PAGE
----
Wednesday, March 16, 2016

Thriller Thursday - Wrapping Up the Villers Trial, Part 3

The Jamestown Weekly Alert, 20JAN1898, pg1
Back at it again this week with the third installment in the multi-page transcription of the Villers Trial/Verdict saga. For you another week has passed. For me, not so much. I'm procrastinating doing the discussion post for my Lighting class that I mentioned in my very first post. Instead I'm transcribing some more. Why? Because the post topic is BORING!!!!!! I know I'll have to do it anyway, but I've got a day to try to cope with a topic that makes me want to stick a pencil in my eye.

Well with that charming thought let's tackle this next bit...

"Judge Fisk's Charge

In his charge Judge Fisk said in part:

Gentlemen of the Jury - Before charging you upon the law of this case, I desire first to compliment each of you upon the very close and careful attention you have given to the evidence throughout the trial and to congratulate you upon the fact that this unfortunate controversy is drawing to a close. The duties of the advocates have been discharged in a faithful and able manner both for the state and for the defense, and all that now remains is for me to call your attention to the rules of law that will govern you in arriving at a verdict in this case. After which the responsibility of doing justice between the State of North Dakota and the prisoner at the bar will be with you. That you will discharge this grave responsibility in as able, careful and fearless manner I have no doubt.

The Jamestown Weekly Alert, 20JAN1898, pg1
Under the code of this state every person who destroys the life of a human being either with a premeditated design to effect the death of the person killed, or of any other human being, or by any act iminently (sic) dangerous to others evincing a depraved mind regardless of human life although without any premeditated design to effect the death of any particular individual, or without any design to effect the death by a person engaged in the commission of any felony, is guilty of murder. According to the facts and circumstances attending the killing, murder is deemed either murder in the first, or in the second degree. Here by defined murder perpetrated by means of poison or by lying in wait or by torture or by other willful, deliberate or premeditated killing or in committing or attempting to commit any sodomy, mayhem, arson, robbery, or burglary to be murder in the first degree. All other kinds of murder is murder in the second degree.
The Jamestown Weekly Alert, 20JAN1898, pg1

I charge yon at the outset that under the evidence in this case the defendant is guilty of murder in the first degree or he is innocent of any crime.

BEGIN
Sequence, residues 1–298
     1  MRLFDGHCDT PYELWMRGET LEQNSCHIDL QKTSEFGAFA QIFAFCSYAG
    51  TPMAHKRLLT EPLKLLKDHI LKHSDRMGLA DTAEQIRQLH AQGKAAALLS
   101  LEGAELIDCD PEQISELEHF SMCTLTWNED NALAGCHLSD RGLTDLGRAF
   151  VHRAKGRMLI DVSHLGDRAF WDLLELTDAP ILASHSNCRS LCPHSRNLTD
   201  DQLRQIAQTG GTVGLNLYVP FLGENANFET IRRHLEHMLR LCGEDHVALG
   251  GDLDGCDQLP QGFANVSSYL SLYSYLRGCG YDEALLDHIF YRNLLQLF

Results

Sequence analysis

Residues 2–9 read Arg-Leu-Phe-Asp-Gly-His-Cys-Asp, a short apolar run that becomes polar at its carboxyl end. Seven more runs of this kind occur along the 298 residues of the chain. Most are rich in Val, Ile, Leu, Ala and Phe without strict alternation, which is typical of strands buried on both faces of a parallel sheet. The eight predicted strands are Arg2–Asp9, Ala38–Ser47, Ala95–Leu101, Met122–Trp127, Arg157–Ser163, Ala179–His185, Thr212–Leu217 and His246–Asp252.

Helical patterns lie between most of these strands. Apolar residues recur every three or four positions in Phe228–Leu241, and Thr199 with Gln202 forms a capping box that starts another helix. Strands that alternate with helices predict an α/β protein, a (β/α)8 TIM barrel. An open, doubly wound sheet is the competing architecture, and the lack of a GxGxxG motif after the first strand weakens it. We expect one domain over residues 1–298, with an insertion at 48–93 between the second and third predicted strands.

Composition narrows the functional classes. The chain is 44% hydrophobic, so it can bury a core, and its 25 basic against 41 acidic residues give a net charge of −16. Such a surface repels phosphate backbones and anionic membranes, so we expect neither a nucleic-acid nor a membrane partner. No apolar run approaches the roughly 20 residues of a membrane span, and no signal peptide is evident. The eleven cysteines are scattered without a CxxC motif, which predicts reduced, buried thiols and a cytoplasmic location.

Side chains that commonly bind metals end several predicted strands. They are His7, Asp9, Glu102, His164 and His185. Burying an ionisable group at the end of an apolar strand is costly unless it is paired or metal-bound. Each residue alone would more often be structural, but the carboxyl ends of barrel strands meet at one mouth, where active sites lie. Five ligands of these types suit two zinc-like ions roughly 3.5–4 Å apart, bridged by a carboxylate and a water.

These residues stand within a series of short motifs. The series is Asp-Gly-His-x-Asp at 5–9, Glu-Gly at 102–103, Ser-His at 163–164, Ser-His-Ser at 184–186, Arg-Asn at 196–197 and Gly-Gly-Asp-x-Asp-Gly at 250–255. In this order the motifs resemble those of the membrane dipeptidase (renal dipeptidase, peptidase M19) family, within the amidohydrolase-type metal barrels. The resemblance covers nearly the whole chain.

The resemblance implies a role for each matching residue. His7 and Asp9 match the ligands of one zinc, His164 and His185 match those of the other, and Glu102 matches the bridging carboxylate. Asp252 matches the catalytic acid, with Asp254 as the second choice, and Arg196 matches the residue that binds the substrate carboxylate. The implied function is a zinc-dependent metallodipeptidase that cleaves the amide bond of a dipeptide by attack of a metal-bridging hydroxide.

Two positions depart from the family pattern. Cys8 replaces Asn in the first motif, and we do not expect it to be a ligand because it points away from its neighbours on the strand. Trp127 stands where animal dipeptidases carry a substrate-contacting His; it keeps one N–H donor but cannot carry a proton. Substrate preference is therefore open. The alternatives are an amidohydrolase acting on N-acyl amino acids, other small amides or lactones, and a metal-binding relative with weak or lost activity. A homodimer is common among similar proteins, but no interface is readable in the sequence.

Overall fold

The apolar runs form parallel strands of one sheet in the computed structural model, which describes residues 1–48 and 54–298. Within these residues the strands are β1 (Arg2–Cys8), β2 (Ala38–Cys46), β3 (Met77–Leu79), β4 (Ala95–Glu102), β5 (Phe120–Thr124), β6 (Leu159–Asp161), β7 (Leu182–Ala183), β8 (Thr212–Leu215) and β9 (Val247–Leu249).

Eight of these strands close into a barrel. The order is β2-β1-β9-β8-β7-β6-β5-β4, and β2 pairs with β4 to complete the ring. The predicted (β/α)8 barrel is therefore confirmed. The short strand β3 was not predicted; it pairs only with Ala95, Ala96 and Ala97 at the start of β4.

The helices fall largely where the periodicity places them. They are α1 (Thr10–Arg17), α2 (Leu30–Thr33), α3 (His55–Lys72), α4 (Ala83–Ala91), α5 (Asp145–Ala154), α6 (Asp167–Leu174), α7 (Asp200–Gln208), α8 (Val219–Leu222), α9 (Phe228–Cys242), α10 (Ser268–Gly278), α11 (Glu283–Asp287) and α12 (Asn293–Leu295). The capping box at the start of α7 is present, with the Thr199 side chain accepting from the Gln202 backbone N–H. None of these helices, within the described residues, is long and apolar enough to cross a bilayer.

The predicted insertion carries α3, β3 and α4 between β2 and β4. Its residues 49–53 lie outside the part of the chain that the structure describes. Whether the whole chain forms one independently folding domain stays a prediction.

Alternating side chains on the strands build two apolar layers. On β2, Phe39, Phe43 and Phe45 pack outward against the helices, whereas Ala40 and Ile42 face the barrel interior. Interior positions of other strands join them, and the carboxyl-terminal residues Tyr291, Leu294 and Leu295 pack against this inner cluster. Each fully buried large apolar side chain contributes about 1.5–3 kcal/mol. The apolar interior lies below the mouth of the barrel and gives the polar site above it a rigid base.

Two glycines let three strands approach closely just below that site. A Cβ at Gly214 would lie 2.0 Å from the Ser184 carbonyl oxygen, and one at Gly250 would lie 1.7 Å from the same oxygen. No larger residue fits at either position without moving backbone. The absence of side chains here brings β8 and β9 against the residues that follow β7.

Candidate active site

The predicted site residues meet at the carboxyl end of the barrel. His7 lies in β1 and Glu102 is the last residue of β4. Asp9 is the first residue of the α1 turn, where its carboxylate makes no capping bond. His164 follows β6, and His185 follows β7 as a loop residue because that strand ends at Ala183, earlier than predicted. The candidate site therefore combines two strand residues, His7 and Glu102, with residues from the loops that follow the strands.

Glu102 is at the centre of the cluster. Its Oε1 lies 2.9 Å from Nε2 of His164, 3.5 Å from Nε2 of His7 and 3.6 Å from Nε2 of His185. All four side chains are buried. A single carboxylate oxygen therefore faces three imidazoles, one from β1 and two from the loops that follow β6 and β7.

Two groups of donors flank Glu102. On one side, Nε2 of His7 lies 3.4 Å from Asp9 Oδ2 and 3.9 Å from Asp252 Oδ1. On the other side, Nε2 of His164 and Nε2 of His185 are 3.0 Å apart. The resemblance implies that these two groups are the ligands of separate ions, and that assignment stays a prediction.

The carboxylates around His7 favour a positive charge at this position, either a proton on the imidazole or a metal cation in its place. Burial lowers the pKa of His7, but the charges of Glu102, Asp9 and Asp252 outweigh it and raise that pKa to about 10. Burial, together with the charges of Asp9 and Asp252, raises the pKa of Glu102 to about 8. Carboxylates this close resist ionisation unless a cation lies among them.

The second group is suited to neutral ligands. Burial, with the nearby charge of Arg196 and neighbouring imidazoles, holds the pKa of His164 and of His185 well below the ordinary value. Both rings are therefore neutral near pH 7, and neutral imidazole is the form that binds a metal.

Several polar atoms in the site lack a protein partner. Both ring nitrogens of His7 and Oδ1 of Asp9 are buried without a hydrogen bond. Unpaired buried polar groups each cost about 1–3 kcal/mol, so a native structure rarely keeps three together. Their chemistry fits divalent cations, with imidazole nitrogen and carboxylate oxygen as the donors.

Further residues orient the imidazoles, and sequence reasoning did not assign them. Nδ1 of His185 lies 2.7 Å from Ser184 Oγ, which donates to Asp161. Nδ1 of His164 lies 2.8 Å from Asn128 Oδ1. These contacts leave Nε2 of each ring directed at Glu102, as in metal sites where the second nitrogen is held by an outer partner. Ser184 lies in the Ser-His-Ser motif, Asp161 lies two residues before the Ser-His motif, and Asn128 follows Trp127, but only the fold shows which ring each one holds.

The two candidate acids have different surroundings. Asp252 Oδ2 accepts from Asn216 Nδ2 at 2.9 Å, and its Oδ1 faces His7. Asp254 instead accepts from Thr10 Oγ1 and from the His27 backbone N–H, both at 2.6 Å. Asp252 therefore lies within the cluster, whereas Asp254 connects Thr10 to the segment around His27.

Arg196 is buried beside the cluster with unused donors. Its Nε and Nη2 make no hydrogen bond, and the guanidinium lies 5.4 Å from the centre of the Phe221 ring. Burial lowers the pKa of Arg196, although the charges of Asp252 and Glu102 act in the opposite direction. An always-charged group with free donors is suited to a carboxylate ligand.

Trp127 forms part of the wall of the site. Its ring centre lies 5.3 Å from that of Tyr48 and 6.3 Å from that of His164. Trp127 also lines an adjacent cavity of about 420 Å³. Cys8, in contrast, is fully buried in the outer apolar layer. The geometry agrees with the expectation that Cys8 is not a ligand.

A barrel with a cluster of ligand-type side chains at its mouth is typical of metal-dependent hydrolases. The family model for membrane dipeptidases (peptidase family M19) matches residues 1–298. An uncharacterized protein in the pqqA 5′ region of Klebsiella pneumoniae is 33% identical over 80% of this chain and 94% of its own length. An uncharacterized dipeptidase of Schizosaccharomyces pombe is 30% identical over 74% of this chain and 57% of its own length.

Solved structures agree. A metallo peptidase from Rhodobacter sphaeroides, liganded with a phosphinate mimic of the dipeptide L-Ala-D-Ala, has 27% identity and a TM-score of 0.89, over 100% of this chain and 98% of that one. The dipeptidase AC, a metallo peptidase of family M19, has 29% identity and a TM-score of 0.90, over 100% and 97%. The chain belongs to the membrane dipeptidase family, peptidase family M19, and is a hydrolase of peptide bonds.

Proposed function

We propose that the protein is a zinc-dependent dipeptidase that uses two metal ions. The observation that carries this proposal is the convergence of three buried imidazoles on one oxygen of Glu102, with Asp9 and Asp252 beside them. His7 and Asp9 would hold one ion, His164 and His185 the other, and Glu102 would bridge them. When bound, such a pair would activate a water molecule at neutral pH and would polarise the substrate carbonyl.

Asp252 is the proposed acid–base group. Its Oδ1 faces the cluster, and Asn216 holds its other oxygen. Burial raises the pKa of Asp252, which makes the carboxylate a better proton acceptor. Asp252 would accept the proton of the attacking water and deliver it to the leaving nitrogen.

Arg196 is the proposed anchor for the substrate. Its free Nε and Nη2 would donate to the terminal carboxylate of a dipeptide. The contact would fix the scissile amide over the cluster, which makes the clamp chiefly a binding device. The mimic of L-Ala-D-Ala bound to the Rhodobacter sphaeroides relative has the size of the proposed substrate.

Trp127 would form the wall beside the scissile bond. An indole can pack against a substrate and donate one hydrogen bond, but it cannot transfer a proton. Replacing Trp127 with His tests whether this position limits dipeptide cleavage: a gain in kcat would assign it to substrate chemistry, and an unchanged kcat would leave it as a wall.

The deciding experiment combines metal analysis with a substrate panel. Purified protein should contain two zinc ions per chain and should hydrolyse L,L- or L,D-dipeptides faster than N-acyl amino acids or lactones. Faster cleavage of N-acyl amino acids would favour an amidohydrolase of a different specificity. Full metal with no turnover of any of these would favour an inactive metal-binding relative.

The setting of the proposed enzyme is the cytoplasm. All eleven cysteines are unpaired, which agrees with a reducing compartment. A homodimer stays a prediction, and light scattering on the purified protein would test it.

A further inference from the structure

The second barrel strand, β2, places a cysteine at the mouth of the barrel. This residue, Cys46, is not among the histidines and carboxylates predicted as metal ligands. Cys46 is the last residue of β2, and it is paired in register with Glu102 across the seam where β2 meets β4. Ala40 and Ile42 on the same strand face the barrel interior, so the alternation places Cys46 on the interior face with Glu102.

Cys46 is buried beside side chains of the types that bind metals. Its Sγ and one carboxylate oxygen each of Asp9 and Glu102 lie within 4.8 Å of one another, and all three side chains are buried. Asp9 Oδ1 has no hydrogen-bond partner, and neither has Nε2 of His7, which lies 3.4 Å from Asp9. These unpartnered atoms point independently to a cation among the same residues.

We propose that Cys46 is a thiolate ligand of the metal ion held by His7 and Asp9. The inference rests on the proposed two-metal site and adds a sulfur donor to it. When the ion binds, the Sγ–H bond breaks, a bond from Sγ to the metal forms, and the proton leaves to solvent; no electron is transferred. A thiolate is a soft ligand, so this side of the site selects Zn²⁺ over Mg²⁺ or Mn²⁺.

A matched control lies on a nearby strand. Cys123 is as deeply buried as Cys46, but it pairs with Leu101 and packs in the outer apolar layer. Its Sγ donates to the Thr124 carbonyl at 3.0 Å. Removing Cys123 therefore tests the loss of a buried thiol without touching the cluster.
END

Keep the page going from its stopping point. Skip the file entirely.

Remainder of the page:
A design to effect death is inferred from the fact of the killing unless the circumstances raise a reasonable doubt whether such design existed.

A design to effect death sufficient to constitute murder may be formed instantly before committing the act after which it is carried into execution.

No person can be convicted of murder unless the death of the person alleged to have been killed and the fact of the killing by the accused as alleged are each established as indedependent (sic) fasts; the former by direct proof and the latter beyond a reasonable doubt. Every person convicted of murder in the first degree shall suffer death or be imprisoned in the penitentiary for life. The foregoing sets forth substantially the provision of our code bearing upon the question of murder and you must be governed thereby in arriving at your verdict in this case.

The prisoner at the bar, Martin J. Villers, is charged in this information with the willful murder of one August Tromer committed on or about the 14th day of September, 1894, in this county and state.

This charge divides itself into tow principal (sic) questions: Whether August Tromer, alleged to have been murdered, came to his death by act of violence inflicted by any person and if so, whether the act was committed by this defendant. We are to ascertain whether August Tromer is actually dead and whether he died within on year and one day from the date of the alleged assault upon him; and if so whether the evidence is such as to exclude beyond a reasonable doubt the supposition that such death was occasioned by accident or suicide and show it must have been the result of an act of violence."

Well I suppose that answers one question I had regarding my last post. It is supposed to be guilt beyond a reasonable doubt. That is more than clear. What isn't so clear is the whole unanimous verdict thing. Nothing is mentioned and from the last article we can see that there was one holdout in both the verdict and sentencing deliberations. Perhaps this will come to light in further transcriptions. Next week we tackle the evidence (or perhaps in the next few minutes for me if I don't start that discussion post for school)!

Note - I've changed the posts from Amanuensis Mondays to Thriller Thursdays because the entire trial was rather sensational at the time and because over the next several Amanuensis Mondays I'd like to start sharing and transcribing the names from the Fallen Firefighters Memorial in Colorado Springs. There are quite a lot of panels at the memorial and there is still quite a lot of information on the Villers' trial to share so I'm making this slight change.